Rivera and Pettitte saying goodbye to the Yankee Stadium crowd yesterday was about more than just saying goodbye to the fans. It was saying goodbye to one of the greatest runs in franchise history, a historic era that featuring five World Series titles and seven pennants in a 14-year span. We watched Jeter reach 3,000 career hits, Pettitte claim the team’s all-time strikeout crown, Bernie become the all-time leader in postseason RBI, Posada play in more playoff games than any other catcher in history, and Rivera save more games than anyone else in baseball history. It has been a privilege and an honor to watch all five of these guys — as well as anyone else who helped out during the dynasty years — but like everything else at one time or another, this great era of Yankees baseball has reached its end.

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Posada to serve as Spring Training instructor; no plans for comeback

According to the AP, Jorge Posada is expected to be with the Yankees in Spring Training as a guest instructor. “They haven’t asked me yet, but they said they are going to,” said Posada while also acknowledging he doesn’t have any plans to get into coaching full-time. “Not right now … Maybe later. I like coaching, I like helping out, but I don’t see myself doing it right now.”

Posada, 41, retired last offseason and said he won’t be attempting a comeback a la Andy Pettitte. “No comeback for me,” he said. “I’m good with what I’m doing and I was happy with the decision I made last year around this time. I’m enjoying the family … I miss certain things about the game. You’re always going to miss certain things. I, obviously, miss my teammates the most.” The Yankees lack a DH at the moment but I take Jorge at his word and don’t expect him to return as a player. He was always a no-nonsense guy. Besides, Pettitte retired when it was obvious he had gas left in the tank. Posada looked done in 2011. Either way, I look forward to seeing him in camp this year.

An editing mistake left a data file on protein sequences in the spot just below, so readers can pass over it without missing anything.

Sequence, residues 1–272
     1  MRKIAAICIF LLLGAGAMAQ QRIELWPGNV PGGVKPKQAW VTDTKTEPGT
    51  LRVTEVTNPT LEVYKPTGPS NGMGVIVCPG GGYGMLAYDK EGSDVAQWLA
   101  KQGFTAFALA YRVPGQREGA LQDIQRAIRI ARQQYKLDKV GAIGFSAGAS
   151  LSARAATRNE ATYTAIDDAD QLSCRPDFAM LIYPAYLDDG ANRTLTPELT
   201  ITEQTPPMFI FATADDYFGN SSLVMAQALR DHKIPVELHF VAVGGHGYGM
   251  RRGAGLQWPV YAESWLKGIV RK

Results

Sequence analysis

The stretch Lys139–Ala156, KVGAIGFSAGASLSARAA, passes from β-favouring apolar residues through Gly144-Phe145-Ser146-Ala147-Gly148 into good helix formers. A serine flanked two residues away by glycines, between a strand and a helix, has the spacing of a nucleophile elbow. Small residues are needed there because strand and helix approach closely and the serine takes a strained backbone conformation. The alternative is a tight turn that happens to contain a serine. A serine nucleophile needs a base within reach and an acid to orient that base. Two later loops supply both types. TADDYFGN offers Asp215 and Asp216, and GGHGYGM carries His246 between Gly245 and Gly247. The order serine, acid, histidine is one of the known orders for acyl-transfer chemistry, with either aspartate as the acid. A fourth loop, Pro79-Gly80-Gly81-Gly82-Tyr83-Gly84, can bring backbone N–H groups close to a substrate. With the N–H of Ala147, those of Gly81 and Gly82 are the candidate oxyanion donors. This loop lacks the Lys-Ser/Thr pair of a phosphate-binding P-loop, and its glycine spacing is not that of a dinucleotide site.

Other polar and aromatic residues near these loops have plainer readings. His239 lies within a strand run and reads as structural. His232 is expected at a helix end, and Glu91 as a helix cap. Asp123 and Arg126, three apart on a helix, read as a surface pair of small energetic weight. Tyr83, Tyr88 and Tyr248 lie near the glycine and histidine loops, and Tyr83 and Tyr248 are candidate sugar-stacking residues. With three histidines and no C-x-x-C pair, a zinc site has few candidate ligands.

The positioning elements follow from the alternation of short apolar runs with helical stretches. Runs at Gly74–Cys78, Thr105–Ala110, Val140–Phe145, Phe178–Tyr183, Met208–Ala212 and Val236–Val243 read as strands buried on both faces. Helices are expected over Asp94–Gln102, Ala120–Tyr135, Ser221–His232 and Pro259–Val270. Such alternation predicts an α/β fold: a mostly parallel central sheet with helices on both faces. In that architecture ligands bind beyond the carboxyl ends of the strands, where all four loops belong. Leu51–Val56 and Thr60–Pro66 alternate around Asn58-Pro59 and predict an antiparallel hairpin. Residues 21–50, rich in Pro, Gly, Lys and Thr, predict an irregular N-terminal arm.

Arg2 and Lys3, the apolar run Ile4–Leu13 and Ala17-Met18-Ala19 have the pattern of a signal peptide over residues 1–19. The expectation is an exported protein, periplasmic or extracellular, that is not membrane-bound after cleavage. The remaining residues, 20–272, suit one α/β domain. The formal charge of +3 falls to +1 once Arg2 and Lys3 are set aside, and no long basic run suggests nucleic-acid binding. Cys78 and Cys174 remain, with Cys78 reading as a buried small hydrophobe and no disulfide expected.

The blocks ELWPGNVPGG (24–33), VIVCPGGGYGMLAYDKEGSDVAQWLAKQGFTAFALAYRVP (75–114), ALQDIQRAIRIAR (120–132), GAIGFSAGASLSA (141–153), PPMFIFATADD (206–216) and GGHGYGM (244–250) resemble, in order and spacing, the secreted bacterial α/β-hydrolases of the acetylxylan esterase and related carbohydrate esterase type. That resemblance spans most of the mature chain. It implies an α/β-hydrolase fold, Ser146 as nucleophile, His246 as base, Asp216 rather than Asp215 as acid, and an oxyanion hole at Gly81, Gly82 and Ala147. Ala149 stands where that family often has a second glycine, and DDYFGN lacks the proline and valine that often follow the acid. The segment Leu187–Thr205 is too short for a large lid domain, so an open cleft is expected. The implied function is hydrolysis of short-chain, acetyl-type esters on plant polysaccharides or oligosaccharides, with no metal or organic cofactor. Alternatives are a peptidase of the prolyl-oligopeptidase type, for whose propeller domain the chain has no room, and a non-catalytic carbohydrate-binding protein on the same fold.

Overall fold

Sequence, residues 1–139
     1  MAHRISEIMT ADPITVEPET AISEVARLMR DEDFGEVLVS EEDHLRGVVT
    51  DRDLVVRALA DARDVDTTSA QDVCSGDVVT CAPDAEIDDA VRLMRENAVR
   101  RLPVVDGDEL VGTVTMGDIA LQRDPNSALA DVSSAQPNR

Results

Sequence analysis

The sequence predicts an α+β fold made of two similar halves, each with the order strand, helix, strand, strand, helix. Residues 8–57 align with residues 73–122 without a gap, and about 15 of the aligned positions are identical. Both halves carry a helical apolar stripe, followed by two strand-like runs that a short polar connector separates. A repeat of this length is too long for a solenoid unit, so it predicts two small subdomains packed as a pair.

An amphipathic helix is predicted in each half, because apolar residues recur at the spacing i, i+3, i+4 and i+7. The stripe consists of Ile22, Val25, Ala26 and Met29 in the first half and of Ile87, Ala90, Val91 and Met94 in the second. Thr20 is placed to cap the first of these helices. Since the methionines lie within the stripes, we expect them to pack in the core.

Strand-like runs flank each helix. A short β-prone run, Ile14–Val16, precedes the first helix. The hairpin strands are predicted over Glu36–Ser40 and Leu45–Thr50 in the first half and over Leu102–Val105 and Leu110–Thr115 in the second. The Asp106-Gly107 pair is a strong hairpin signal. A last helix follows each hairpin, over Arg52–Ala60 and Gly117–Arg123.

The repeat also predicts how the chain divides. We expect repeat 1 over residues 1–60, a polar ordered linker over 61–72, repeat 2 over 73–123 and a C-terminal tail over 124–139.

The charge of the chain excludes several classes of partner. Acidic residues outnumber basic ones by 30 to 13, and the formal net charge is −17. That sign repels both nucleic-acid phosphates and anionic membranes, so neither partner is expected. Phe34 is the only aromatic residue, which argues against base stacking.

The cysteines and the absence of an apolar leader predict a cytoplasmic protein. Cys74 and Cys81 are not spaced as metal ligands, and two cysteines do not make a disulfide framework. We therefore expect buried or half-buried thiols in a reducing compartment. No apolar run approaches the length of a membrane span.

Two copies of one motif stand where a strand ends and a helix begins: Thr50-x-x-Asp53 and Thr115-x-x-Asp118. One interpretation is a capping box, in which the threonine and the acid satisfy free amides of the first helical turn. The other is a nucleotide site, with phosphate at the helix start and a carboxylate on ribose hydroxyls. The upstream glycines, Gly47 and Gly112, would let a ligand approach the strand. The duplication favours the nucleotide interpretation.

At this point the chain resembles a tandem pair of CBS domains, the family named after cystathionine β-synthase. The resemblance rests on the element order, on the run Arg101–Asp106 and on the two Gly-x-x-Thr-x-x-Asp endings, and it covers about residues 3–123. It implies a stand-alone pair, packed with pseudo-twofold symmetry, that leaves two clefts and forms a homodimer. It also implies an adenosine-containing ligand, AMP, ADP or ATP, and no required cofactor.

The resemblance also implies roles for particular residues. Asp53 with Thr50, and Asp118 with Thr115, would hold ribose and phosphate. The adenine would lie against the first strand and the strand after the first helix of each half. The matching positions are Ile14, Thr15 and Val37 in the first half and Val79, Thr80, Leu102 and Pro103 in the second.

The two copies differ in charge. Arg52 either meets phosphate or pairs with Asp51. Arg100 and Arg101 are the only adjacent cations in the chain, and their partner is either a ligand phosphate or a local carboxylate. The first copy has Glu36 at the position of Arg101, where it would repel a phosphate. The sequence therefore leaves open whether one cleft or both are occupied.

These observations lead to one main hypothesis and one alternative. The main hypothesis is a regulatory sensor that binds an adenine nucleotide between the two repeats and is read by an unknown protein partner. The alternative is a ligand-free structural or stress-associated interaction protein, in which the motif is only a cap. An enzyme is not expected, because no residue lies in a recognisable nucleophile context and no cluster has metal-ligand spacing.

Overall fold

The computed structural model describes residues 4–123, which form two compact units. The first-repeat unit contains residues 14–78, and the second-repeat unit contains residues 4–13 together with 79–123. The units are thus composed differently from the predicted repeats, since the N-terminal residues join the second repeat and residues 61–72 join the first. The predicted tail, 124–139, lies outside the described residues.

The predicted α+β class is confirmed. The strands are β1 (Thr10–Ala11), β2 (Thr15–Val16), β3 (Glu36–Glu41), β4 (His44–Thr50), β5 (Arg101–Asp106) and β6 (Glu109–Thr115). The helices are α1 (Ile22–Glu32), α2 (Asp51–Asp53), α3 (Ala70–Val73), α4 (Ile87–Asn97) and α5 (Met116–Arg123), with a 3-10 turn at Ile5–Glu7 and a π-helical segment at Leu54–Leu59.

Posada set to make ceremonial stadium visit

When the Yankees return home on Friday to open the Bronx-based part of the 2012 season, they’ll bring with them a familiar face. The newly-retired Jorge Posada will throw out the ceremonial first pitch prior to the game. Posada, you may recall, was a part of five World Series teams, played in five All Star Games and has a strong case for a spot on a wall in Cooperstown. Depending upon how generous the Yanks are with uniform numbers, his could earn a spot in Monument Park as well.

The club also announced today that a star of the Broadway musical Newsies will sing the national anthem while a star of Jesus Christ Superstar will perform “God Bless America” in the seventh inning. I guess those Nederlander ties still run deep. The pre-game festivities will start at 12:40 so plan accordingly if you’re one of the lucky ones who gets to attend Opening Day in the House that George Built.

Open Thread: Hip Hip

As I said earlier, Joe Posada’s retirement press conference was nothing but first class today. The Yankees really did a wonderful job. The video above if Jorge’s statement on his retirement, but that was just a small part of the day. You can see basically the entire event — albeit broken up into small clips — at the YES Network’s site. Here’s the video archive.

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Here is tonight’s open thread. The Knicks, Rangers, Islanders, and Devils are all playing tonight, but Time Warner customers like myself are still without MSG. Anyway, talk about whatever you want here. Except politics, that always gets messy.